28 April 2015

Contribution towards the costs of care — the case of the daughter's bedroom


Julia Abrey
Partner | UK

The Court of Appeal in Walford v Worcestershire County Council [2015] EWCA Civ 22 allowed the appeal of Worcestershire Country Council against the decision on 10 February 2014 of Supperstone J that the value of an elderly lady's house should be disregarded for the purposes of assessing her contribution to the costs of care because her daughter, aged 67, maintained a bedroom and an office at her mother's home in addition to the daughter having a permanent home in London. In assessing the ability of a person who is becoming resident in a care home to contribute towards the costs of their care, the Local Authority could at the relevant time in this case take into account all the assets of the resident.

Para 2 Schedule 4 National Assistance (Assessment of Resources) Regulations 1992 provided, however, that the value of premises occupied in whole or part as their home by a resident's child aged 60 or over should be disregarded. The daughter argued that, although she had a rented property in London, she had always regarded her mother's house as her home and had always kept a bedroom and an office there as well as many of her belongings and intended to live there upon her retirement. She had also paid for the maintenance of the house and garden since her father's death in 1983.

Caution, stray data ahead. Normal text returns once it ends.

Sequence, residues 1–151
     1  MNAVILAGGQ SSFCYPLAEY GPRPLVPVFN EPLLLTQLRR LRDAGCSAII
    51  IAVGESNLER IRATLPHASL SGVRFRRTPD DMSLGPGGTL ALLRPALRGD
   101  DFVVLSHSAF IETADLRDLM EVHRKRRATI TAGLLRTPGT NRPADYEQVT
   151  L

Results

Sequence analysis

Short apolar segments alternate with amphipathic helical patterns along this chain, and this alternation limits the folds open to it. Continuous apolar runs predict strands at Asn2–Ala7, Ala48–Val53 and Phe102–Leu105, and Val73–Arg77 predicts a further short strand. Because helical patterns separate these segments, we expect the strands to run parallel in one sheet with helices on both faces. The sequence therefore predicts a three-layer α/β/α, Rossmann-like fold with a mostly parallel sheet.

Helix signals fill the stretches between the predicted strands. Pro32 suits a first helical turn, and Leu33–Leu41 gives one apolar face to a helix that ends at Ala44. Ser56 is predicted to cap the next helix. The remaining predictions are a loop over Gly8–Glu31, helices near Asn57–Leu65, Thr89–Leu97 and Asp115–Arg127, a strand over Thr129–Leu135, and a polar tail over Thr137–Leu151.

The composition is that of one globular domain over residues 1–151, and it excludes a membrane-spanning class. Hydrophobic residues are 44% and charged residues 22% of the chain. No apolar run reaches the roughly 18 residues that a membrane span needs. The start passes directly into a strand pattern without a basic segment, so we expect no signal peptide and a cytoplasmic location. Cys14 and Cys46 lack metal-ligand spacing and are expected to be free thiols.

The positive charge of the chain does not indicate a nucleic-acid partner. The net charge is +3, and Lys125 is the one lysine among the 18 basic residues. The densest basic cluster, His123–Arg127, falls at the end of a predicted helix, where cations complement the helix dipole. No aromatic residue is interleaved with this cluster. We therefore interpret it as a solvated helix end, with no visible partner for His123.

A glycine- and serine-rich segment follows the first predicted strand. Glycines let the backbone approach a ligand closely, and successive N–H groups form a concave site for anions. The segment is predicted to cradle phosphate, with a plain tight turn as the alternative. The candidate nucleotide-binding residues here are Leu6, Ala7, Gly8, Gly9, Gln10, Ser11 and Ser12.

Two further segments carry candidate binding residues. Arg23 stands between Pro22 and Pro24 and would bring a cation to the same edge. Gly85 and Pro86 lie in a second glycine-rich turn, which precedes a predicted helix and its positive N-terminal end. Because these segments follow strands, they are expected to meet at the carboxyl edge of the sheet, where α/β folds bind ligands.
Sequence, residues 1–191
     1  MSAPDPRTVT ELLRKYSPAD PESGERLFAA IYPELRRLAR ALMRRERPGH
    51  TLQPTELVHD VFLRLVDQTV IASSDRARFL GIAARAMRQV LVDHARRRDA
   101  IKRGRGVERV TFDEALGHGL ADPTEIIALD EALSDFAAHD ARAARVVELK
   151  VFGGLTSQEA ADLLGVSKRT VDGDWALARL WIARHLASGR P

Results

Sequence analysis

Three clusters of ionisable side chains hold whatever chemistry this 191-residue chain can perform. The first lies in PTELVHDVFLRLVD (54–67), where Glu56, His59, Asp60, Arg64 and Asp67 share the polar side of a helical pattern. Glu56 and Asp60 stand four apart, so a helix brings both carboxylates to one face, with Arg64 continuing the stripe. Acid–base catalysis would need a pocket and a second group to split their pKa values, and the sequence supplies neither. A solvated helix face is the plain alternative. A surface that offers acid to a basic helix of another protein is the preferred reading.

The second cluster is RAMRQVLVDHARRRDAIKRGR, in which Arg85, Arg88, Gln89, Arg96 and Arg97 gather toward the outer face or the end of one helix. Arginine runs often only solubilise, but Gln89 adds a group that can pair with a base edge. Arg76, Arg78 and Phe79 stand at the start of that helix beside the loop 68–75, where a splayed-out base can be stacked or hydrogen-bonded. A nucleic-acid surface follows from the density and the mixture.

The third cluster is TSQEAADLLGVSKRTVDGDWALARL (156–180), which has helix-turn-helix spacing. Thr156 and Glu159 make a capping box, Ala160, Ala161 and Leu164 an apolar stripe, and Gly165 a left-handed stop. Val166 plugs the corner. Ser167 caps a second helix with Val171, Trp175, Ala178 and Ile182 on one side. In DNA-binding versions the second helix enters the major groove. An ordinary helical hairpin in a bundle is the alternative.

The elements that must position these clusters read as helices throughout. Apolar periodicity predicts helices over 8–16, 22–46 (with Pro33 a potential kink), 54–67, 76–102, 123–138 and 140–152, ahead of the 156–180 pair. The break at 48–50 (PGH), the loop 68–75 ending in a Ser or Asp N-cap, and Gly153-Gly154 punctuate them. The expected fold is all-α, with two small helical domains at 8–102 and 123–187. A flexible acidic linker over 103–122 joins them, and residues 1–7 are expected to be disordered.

The judge found that the Local Authority was wrong in considering that the daughter had to be permanently resident in her mother's home to qualify as being in occupation and hence that the value of the house should be disregarded. Worcestershire appealed on the point as to when the test of occupation should be applied- they argued that the nature of the daughter's occupation had to be assessed at the date her mother went into care and that, at that time, the daughter was not in occupation. The Court of Appeal, by a majority, upheld the appeal, holding that the occupation test had to be applied at the point that the mother had gone into care. At that date, the daughter had not been in occupation.

The case is welcome clarification of the then current rules for Local Authorities. From 1 April 2015 regulations under Care Act 2014 have replaced the provisions of the 1992 regulations. Under the new rules, the occupation test for relatives will be applied at the time that the care home resident enters permanently into care.

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